LAUV: Yeah. I saw, you know, like, early storyboard. I think that’s the correct term. Correct me if I’m wrong. And just heard a little about Pete’s story and what inspired, you know, him in creating this. And I really related, you know, I am a huge lover, and I really related to like, you know, the love aspect to the film. And I basically, like, you know, was seeing early versions of the scene and kind of wanted to create this song that had this feeling of someone coming into your life and totally changing everything for you, like totally changing the way you see yourself, the direction you see yourself going in, and yeah, that was the goal of the song.
Mamoudou, take us behind the scenes of being the voice of a Pixar character. What’s it like? And tell us, is there a favorite moment during the recording process that you have? Because again, you both are so perfect. I hear Water when I hear your voice now.
MAMOUDOU: Oh, that’s really sweet. Honestly, it really was a dream come true. I mean, it still is. Like, we get to celebrate this movie. Now we get to talk about it. We get to go to screenings, and we’re gonna go to London after this. Well, I guess Denise is already there. So, I mean, the dream continues. But getting into the booth, it’s kind of hard to quantify into one moment that was like extra special, because it was all like just — I’m old enough now to really appreciate, like a good thing as it’s happening, you know.
So I really was just able to, like, soak it in every time I got to work with Denise and Pete and John and Kat. And I mean, you know, met the animators later and you know, you see their work and you don’t [laugh] — it’s hard. It’s really hard to comprehend what they did. Because, I mean, I have no — I’m a Luddite completely. So it’s all like, you know, like, just magic to me.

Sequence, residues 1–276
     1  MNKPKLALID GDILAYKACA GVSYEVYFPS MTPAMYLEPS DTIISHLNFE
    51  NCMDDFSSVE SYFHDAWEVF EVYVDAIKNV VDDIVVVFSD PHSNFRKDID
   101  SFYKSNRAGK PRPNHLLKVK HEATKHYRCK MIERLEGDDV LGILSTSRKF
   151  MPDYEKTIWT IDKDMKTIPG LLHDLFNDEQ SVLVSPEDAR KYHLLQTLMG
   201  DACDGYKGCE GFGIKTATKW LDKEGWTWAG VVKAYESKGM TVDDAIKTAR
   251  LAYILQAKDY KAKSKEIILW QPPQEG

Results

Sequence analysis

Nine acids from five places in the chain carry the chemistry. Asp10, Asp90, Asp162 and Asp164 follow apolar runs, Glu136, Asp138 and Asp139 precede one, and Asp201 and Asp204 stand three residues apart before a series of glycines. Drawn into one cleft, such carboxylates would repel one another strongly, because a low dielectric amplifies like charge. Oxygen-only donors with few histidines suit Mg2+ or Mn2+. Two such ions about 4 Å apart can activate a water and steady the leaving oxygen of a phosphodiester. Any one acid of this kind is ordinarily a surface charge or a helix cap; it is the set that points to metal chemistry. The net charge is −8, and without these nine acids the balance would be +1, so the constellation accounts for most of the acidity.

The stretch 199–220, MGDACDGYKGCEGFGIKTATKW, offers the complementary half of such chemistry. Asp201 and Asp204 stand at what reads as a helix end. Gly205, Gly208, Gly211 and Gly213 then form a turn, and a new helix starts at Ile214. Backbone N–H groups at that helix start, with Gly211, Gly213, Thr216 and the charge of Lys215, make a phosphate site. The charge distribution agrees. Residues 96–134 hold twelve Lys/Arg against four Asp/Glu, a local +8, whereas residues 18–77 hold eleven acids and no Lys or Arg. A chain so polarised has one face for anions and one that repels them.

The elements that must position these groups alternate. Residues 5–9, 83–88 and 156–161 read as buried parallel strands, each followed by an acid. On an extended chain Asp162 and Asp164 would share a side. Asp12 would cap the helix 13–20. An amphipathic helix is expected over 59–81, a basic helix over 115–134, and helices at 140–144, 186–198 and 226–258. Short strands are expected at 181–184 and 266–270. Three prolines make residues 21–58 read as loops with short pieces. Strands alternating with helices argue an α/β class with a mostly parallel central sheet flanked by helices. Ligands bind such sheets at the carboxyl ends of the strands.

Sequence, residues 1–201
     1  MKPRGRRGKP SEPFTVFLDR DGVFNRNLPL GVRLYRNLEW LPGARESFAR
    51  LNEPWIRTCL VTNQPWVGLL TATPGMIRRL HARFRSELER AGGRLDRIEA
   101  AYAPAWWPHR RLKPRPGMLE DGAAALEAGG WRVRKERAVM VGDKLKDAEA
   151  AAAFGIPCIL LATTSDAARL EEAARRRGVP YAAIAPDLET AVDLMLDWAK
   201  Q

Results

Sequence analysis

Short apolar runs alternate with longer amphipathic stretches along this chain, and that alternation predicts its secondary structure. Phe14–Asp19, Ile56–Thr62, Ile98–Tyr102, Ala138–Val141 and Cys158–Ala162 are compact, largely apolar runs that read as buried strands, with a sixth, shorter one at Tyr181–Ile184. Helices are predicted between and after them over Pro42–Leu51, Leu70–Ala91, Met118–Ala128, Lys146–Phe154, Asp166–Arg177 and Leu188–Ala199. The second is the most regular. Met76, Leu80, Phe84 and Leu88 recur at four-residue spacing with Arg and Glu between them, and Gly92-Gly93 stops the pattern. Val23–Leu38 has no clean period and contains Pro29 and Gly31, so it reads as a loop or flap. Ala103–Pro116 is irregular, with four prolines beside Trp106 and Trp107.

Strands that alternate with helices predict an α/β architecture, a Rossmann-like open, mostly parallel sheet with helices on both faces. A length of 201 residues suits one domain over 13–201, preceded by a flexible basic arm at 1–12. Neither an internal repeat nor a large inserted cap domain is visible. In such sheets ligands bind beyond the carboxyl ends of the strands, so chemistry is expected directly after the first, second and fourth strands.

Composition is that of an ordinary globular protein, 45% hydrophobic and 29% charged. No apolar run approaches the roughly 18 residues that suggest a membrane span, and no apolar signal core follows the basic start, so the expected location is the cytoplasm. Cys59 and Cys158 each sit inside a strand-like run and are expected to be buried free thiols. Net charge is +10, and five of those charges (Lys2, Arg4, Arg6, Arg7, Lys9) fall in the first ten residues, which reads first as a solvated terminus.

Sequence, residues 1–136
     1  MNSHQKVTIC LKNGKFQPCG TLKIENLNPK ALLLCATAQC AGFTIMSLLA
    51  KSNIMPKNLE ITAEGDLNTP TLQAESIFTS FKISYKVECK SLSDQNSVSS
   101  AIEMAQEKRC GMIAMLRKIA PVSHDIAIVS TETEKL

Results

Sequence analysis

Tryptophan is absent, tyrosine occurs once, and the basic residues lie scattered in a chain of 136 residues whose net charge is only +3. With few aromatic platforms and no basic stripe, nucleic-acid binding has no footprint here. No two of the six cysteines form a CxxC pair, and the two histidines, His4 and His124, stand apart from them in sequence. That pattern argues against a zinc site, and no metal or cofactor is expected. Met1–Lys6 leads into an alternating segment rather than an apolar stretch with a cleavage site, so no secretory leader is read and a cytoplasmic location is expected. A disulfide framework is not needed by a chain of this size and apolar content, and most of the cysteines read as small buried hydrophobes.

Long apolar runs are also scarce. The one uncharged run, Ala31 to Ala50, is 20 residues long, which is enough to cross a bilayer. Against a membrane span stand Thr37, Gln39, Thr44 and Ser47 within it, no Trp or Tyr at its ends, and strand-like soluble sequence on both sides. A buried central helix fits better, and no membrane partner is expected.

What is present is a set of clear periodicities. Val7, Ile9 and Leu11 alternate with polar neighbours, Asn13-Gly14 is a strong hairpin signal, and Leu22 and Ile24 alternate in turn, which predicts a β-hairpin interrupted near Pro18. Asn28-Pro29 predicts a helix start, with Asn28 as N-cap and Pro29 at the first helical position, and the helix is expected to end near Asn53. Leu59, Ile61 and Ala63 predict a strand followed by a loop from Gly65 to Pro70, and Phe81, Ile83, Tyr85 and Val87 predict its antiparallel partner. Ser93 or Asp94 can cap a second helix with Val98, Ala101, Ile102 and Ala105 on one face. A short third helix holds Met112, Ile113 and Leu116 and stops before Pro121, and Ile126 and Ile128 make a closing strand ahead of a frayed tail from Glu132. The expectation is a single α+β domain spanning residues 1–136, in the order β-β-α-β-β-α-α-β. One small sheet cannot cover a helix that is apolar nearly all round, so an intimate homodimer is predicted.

Pete Sohn, I hear that there’s a little bit of fire, a little bit of water represented in your personality. So how would you say that you brought yourself to these characters and represent them in such different ways in Fire and Water?
PETE: It was a very layered process. They started off as these really primitive little ideas of like, what you think about Fire as like Leah was talking about. Yeah, they’re passionate. You know, they have a creative spark. They’re luminous. And for Water, they’re transparent. They go with the flow. So it just started off as these simple ideas. But as we started developing them, you know, you just started putting these personal pieces of yourselves. And it wasn’t just me. It was an entire crew. And in that openhearted way that Mamoudou’s talking about, it really was that experience. It wasn’t a cynical journey whatsoever. Everyone was connecting to this fully open.
And so from that sort of like primitive start, all of a sudden, she became this second-generation daughter of, you know, immigrants, and that started layering on top of her passions, on top of her temper, on top of her creative spark. What did all that mean? And then so then, you know, what did that burden mean? How does that connect to the temper? And so it just kept evolving for her. And the same with Wade. It was really like, oh, understanding these two characters were missing something and then trying to find out what they would begin to fill in each other. It started to layer on top of this go with the flow attitude, you know.
The fact that the character was transparent really pointed to like, oh, yeah, he can’t hide his emotions. You see right through him. He just wears everything on his sleeve. And then what does that mean, though, in terms of filling this puzzle piece of this relationship, and then this idea of loss for Wade, this idea of privilege for Wade, this idea of his high EQ and the way he connects to the world all started evolving through the story process. And it was a beautiful thing, because the way the writers and the story artists were doing that was a very, very heartfelt gift that they just kept giving these characters.
Disney and Pixar’s ELEMENTAL, in U.S. theaters on June 16, 2023.